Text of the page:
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  1. #1
    Join Date
    Jan 2011
    Posts
    18

    Default Renterís Insurance for My Liability or Landlordís Liability Towards Me

    My question involves landlord-tenant law in the State of: California
    I had an agreement with the landlord to do some repairs, including very simple repairs of broken
    electrical sockets, switches, and wall plates. However, after I uncovered two switch boxes and
    saw jumbles of wires, many bare, and could not figure out what circuits the non-working switches
    controlled, I decided an electrician was needed. I left the wall plates off pending professional
    repair and explained to the landlord that an electrician was needed. The landlord did nothing. I
    eventually complained to code enforcement and even then the landlord did nothing except get
    upset. Now, nearly three months after being notified by code enforcement the landlord will send
    an electrician claiming that ďthis needs to be done due to possible fire hazard to protect you as
    well since you pulled the wires out of the wall and do not have renters insurance this will protect
    you from liability.Ē Am I responsible or the landlord? Does renterís insurance really have anything
    to do? I donít see any fire hazard from the wall plates being taken off and the switches
    slightly pulled from the boxes, nothing flammable is anywhere near the boxes, and no problem has
    actually happened due to my actions. It sounds like hype to me, to try to shift the landlordís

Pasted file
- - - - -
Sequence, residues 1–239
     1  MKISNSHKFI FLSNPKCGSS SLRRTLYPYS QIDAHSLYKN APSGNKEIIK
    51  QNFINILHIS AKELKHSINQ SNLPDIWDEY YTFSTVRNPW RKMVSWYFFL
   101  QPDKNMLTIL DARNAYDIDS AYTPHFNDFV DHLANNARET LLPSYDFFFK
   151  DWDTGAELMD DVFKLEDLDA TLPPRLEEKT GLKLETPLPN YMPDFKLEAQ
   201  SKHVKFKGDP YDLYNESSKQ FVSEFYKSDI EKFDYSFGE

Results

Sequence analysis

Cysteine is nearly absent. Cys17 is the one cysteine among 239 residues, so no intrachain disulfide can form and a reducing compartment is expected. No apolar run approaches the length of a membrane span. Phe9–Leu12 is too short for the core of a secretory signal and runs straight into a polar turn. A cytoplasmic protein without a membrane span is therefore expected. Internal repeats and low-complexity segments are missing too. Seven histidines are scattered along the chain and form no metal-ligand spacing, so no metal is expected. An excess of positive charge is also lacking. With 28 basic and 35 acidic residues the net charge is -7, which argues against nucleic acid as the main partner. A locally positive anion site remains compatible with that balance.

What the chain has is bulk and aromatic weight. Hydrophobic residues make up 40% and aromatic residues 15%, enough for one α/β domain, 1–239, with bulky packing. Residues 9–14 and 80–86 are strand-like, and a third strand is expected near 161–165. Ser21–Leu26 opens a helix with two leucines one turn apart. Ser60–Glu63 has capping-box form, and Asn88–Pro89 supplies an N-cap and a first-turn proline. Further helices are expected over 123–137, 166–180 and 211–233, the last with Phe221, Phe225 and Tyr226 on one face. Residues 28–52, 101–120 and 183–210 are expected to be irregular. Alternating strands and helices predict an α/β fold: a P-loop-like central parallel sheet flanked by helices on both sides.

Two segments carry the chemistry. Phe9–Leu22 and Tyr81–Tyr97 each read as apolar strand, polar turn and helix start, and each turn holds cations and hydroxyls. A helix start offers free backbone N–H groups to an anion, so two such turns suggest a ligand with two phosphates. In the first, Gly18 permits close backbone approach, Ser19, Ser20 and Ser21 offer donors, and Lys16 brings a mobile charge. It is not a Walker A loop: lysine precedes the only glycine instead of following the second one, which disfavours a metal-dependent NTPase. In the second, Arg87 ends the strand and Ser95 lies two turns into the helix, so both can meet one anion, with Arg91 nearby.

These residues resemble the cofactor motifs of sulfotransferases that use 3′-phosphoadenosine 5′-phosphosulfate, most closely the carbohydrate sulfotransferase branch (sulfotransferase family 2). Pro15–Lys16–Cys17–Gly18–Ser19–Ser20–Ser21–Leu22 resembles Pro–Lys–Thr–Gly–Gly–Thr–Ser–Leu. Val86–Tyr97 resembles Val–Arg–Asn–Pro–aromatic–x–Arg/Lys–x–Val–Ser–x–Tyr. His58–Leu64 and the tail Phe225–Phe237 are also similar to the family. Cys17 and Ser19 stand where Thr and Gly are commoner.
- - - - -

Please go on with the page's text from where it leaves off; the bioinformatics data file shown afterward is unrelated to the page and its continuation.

underlying blame for failure to fix the electrical problem for so long. In fact, the landlord initially
    accused me of ďfakingĒ the problem by simply removing the wall plates in order to make a false
    report to code enforcement, and, of course, still did not send an electrician. If the landlord had
    immediately fixed the problem when I brought it up, things would be different.

  2. #2
    Join Date
    Jan 2006
    Posts
    38,867

    Default Re: Renterís Insurance for My Liability or Landlordís Liability Towards Me

    Since a trim plate covers energized electrical terminations, not having one in place can definitely be considered to be a fire hazard as well as a shock hazard.

    As well, the plates being off is a code violation of it's own, and you caused it and refused to remedy it.

    The devices not being mounted properly is another violation that you caused and failed to remedy.

    Unless you are a licensed electrician, you cannot do electrical work on a rental unit in California.

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